The toils of a standing cellist on a dynamic set…
play on forward slope
play sloping right
play sloping left
play sloping backwards
No wonder my back is aching!
So it's good to hear it's worth it in this review in the Irish Examiner today….
Everyman Palace, Cork
Monday, June 25, 2012
The well-publicised reinterpretation of Leoncavallo’s opera by John O’Brien and Michael Barker-Craven is a resounding success.
From the moment one crosses the threshold of the theatre, one is in a totally different, magical world that combines circus, drama, puppetry, funfair, and music — a perfect mixture to open a Midsummer Festival. While there are some (very few) elements that I could wish were otherwise, this magnificently imagined and superbly realised production is one that I would love to see again and again.
While, naturally, the transformation of the theatre, and use of the theatrical spaces, plus the costumes, set, lighting, and the appearance of a cast of unexpected characters, all massively contribute to the success of the production, in the final analysis the music and the musicians are what make an opera.
In this case John O’Brien has, once again, gathered around him a group of singers and players who share his vision and create a most wonderfully effective sound world that totally absorbs the listener.
The sudden entrance from the vestibule of the chorus, the cast, the strolling orchestra and the circus performers to occupy the ground floor aisles sets the mood.
Then, from Brendan Collins’ (Tonio) splendid singing of the Prologue right through to Ronald Samm’s (Canio) broken-hearted Ridi Pagliaccio, which brings down the curtain, the excitement/tension never lets up. I was distracted during Cara O’Sullivan’s lovely Stridone lassu by an incredibly brilliant aerial acrobat (Michaela Heyer) performing over her head, but nothing could distract from the wonderfully exciting, unconducted, Bell Chorus, the drama of Vesti la giubba, the tenderness of Silvio, a questa ora, or the marvellous, Marja Gaynor-led, orchestral playing of both the chamber group and the full orchestra.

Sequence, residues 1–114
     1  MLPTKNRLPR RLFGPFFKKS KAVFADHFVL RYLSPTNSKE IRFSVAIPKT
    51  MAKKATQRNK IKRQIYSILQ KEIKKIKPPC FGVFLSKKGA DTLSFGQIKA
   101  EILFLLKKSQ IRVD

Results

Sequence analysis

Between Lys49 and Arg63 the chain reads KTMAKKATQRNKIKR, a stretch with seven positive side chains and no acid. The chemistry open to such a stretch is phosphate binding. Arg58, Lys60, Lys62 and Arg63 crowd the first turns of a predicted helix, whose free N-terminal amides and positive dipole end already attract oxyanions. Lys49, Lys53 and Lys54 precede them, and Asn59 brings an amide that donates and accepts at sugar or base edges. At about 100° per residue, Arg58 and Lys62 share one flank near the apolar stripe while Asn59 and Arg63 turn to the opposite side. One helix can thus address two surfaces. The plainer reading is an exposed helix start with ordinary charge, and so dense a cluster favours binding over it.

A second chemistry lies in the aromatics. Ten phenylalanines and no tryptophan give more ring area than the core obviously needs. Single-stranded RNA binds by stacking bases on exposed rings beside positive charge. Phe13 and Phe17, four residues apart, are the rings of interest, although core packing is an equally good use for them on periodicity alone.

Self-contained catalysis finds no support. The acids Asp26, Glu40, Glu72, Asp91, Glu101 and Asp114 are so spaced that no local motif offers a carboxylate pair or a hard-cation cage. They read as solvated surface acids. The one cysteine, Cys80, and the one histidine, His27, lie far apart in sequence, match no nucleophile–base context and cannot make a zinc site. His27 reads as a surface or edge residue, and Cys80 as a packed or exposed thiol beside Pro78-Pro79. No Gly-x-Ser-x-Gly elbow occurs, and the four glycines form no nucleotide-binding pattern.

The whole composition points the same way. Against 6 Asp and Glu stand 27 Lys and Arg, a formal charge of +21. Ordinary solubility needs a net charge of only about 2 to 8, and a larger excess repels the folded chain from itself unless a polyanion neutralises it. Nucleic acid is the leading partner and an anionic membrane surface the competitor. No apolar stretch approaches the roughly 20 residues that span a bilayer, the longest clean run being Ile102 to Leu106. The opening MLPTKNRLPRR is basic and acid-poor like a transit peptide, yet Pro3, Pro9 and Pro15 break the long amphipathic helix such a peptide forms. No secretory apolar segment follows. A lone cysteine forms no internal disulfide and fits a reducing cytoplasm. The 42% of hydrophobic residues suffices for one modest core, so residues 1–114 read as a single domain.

And another from the Cork Independent
Although I'd never class myself an opera fan, there's no doubt I'm a fan of Pagliacci, after seeing this epic production by the Cork Operatic Society live and in glorious technicolour at the Everyman Palace Theatre on Friday evening.
Lisa Zagone's fantastic, imaginative set and costume design makes Pagliacci a feast for the eyes, and the production makes excellent use of the Everyman's turreted booths, pushing the stage out into the audience to include its surrounds as part of the set.
Musicians participate directly in the action, performing behind, beside and even among the singers, once or twice becoming key parts of the action, while the clever use of colour integrates them into the Everyman's ornate decor.
The ingenious design means audience is truly pulled into the world of Pagliacci, a world of circus performers embroiled in a tragic love triangle.
While the story – apart from its circus setting – is nothing you wouldn't find in an episode of Eastenders, featuring a jealous lover, a jilted suitor and a tragic finale, the performances by leads Cara O'Sullivan, Ronald Samm, David Burzotta, Brendan Collins and Simon Morgan are startlingly good.
A chorus made up of members of the Cork Operatic Society lends a huge depth to the production, and the sheer numbers on stage and in the theatre – almost surrounding the audience in parts – make it at times overwhelmingly powerful.
This is an incredibly ambitious production, and the team from the Everyman, Cork Operatic Society, Cork Midsummer Festival, Barabbas and Cork Circus, directed by John O'Brien and Michael Barker-Caven, have really pulled it off. Bravo.